ARMITAGE: The law will look after me.

ENID: It might avenge you, Mr Armitage, but it could not protect you. You would be at his mercy in this lonely house. And besides, Mr Armitage, you are quite mistaken in your fears. There is no possible danger. You know of my engagement to Lieutenant Curtis?

ARMITAGE: I hear he leaves tomorrow.

ENID: That is true. But the next day I am going on a visit to his mother at Fenton. Indeed, There is no danger. I will not deny that there have been times when my stepfather has been very harsh both to my dear sister and myself. But that was long ago. Lately he has been very kind. He made no opposition at all to my engagement. I assure you that I have nothing to fear.

ARMITAGE: Well, I won't deny that I am consoled by what you say and that it puts another colour upon things. It may be that he is just kind in order to deceive you, or it may be as you say. It's not for the pleasure of meeting him that I am here , and if my conscience would let me I would soon be out of it. Now look here, Miss Stonor, there's just one condition on which I would leave it.

ENID: What is that?

ARMITAGE: Well, I remember your friend, Dr Watson, at the inquest—and we've heard of his connection with Mr Sherlock Holmes. If you'll promise me that you'll slip away to London tomorrow, see those two gentlemen and get their advise, I'll wash my hands of it. I should feel that someone stronger than me was looking after you.

ENID: Oh, Mr Armitage, I couldn't.

ARMITAGE (folding his arms): Then I stay here.

ENID: It is Lieutenant Curtis's last day in England.

ARMITAGE: When does he leave?

ENID: In the evening.

ARMITAGE: Well, if you go in the morning, you'd be back in time.

ENID: But how can I get away?

ARMITAGE: Who's to stop you? Have you money?

ENID: Yes, I have enough.

ARMITAGE: Then, go.

ENID: It is really impossible.

ARMITAGE: Very good. Then I'll have it out with the Doctor.

ENID: There! there! I'll promise. I'll go. I won't have you hurt. I'll write and arrange it all.

ARMITAGE: Word of honour?

ENID: Yes, yes. Oh! do go. Through here. (Goes to French window.) If you keep among the laurels you can get to the high road and no one will meet you.

ARMITAGE: That dog about?

ENID: It is with the Doctor. Oh, do go! and thank you—thank you with all my heart.

ARMITAGE: My wife and I can always take you in. Don't forget it.


(ENID stands looking after him. As she does so, MRS STAUNTON enter the room.)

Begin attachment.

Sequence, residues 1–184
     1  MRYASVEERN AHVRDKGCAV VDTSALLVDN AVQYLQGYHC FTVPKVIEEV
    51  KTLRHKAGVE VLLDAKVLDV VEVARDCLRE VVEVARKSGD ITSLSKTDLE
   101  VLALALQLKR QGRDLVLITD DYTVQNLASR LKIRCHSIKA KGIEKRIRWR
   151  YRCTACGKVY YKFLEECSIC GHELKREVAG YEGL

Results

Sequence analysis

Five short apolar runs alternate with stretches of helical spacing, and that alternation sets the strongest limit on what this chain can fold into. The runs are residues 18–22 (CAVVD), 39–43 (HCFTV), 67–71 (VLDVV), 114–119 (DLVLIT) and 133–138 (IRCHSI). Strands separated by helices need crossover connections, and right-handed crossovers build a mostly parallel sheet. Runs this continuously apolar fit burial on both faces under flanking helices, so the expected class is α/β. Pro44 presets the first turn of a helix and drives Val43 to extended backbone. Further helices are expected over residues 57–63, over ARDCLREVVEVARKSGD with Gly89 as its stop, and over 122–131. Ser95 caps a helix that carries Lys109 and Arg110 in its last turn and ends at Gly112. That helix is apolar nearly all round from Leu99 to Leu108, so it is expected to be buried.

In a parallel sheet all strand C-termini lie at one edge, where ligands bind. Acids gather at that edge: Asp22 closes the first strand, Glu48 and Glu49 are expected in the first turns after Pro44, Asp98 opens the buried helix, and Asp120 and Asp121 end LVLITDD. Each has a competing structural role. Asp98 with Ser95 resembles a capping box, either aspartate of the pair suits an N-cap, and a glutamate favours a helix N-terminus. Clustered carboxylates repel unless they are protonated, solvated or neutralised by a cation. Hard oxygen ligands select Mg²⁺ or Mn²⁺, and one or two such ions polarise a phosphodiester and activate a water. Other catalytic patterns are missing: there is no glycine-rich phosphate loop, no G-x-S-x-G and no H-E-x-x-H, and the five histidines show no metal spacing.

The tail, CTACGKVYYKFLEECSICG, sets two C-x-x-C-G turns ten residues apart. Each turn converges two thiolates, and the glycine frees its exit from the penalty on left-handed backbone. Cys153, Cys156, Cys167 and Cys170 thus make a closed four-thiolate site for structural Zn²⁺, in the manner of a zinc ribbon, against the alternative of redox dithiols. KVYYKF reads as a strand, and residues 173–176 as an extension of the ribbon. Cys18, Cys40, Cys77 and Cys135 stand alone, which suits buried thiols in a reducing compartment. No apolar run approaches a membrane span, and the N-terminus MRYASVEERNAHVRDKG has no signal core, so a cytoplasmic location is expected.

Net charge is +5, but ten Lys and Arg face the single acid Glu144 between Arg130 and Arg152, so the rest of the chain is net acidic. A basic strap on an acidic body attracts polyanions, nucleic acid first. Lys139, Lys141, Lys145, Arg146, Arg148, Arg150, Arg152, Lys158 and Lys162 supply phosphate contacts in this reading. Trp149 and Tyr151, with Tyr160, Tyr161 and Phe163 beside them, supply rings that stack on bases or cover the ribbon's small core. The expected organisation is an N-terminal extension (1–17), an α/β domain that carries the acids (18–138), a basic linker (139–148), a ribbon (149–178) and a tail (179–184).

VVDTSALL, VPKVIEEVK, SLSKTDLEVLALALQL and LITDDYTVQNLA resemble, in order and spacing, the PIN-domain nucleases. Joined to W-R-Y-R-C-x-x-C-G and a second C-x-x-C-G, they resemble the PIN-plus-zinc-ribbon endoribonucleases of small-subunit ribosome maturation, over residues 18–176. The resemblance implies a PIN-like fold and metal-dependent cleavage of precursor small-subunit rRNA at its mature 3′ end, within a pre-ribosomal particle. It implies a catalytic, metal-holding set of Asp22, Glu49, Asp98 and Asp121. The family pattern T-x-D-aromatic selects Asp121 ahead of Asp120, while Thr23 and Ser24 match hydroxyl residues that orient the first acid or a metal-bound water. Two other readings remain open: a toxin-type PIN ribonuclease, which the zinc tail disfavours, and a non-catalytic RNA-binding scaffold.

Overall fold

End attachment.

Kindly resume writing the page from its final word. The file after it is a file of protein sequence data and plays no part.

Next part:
MRS STAUNTON: I saw Mr Armitage going off through the shrubbery.

ENID: Yes, he has gone.

MRS STAUNTON: But why did he not wait to see the Doctor?

ENID: He thought it was not necessary.

MRS STAUNTON: He is the most impertinent busybody in the whole village. Fancy the insolence of him coming up here without a with-your-leave or by-your-leave. What was it he wanted, Miss Enid?

ENID: It is not your place, Mrs Staunton, to ask such questions.

MRS STAUNTON: Oh, indeed! For that matter, Miss Enid, I should not have thought it was your place to have secrets with the village grocer. The Doctor will want to know all about it.

ENID: What my stepfather may do is another matter. I beg, Mrs Staunton, that you will attend to your own affairs and leave me alone. I wish to have nothing to do with you.

MRS STAUNTON (putting her arms akimbo): High and mighty, indeed! I'm to do all the work of the house, but the grocer can come in and turn me out of the room. If you think I am nobody you may find yourself mistaken some of these days.

ENID: You are and odious woman. (She makes for door.)


RYLOTT: Why, Enid, what's the matter? Any one been upsetting you? What's all this, Mrs Staunton?

ENID: This woman has been rude to me.

RYLOTT: Dear, dear! Here's a storm in a teacup. Well now, come and tell me all about it. No one shall bother my little Enid. What would her sailor boy say?

MRS STAUNTON: Mr Armitage from the village has been here.

RYLOTT: Armitage the grocer? What the devil did he want?

MRS STAUNTON: He would speak with Miss Enid alone. I didn't think it right. That is why Miss Enid is offended.

RYLOTT: Where is the fellow?

MRS STAUNTON: He is gone. He went off through the shrubbery.

RYLOTT: Upon my word, he seems to make himself at home. What did he want, Enid?

ENID: He wanted to know how I was. When I assured him that I was quite well, he left.

RYLOTT: This is too funny! You have made a conquest, Enid. You have a rustic admirer.

ENID: I believe he is a true friend who means well to me.